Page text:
He was half right. The post went semi viral. According to my blogger statistics it accumulated about 2,500 hits a day over the course of last week. A number of websites also linked to the post, including Kells online which featured a piece about it here.
To be honest, I shat my pants (figuratively!) before reading the Kells online piece, as Storkboy's rabid warnings had me braced for the worst. However, the piece is measured and it acknowledges that the town looks a bit shit at the moment. Indeed, it appears that my little photo essay might even provide incentive for a town clean-up.
I felt a bit bad, however, when I read the line "while it could be argued that there is a certain mean spirited tone to the article and that you could find similar sights in any town in Ireland is went set out to look for them". I would hate people to come away from my blog with the impression that I am mean-spirited about my home town and I'd hope that regular readers recognise that I have a fairly complex relationship with the place.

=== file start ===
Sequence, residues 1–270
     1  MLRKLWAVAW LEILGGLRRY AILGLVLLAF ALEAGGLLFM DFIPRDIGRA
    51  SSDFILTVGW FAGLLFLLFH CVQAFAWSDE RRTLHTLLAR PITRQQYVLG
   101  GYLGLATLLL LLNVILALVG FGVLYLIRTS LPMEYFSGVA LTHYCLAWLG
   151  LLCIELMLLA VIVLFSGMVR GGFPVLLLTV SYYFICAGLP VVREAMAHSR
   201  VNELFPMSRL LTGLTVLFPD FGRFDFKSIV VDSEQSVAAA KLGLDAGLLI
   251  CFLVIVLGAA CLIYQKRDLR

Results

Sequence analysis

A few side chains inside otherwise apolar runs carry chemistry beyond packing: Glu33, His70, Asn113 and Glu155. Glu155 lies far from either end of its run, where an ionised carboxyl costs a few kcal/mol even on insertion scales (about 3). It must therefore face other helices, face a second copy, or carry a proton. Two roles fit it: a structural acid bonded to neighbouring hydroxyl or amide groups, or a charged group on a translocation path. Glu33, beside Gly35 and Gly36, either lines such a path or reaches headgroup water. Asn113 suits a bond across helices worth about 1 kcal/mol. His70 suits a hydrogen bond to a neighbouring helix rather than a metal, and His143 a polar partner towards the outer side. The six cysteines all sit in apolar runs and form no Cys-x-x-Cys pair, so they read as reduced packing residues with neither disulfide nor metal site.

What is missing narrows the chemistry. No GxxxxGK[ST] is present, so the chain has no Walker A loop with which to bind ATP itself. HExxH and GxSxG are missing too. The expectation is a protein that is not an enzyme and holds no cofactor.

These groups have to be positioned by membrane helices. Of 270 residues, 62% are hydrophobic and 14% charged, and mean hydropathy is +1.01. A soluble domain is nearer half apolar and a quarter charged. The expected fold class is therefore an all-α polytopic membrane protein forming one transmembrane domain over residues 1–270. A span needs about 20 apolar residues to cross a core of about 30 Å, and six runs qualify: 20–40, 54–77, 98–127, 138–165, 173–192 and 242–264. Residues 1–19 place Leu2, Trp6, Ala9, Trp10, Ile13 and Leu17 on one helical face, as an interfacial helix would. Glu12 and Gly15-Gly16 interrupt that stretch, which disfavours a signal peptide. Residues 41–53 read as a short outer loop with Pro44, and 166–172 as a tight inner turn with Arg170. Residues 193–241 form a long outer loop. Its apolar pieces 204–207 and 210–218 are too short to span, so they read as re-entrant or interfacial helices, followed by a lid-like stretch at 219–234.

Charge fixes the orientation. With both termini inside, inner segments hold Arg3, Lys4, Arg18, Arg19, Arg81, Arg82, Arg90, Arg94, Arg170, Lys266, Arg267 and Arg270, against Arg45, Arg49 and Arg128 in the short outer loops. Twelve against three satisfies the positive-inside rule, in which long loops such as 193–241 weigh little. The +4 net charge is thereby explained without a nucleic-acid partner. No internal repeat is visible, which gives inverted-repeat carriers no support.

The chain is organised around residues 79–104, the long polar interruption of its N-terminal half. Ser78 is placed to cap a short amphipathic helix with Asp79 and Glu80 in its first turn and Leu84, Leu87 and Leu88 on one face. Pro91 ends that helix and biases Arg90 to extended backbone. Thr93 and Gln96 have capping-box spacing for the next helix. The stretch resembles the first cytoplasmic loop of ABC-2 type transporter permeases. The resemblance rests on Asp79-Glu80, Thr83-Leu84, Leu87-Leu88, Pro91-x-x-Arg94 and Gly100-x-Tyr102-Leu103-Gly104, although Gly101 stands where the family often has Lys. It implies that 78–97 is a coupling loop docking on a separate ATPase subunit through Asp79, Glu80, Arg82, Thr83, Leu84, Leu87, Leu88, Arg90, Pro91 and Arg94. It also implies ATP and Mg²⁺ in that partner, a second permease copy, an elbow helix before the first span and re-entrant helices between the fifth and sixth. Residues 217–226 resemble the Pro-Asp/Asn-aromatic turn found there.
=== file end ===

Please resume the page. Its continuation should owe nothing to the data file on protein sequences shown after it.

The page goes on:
if your Viking longship runs into trouble approaching Kells, look out for our lighthouse
There are times when Kells feels like a dispiriting kip to me, a heritage town of enormous historical significance that perpetually fails to respect itself. But there are times too, when I come over all gooey for the town; for the motley crew of unpretentious yet arty kids I befriended in secondary school and who continue to be my closest friends in adulthood; for the dreaming monastery feel of the town on a fine Summer afternoon walk; for the weird pagan lore that seems to co-exist with the monastic past; for Ireland's only inland lighthouse; for the flat, aesthetically challenged accent that is perversely sported as a badge of honour by many; and for a stubborn character that continues to resist the severe damage Ireland's failed economy has wrought on the place.
Ah Kells, I love ta hate ya.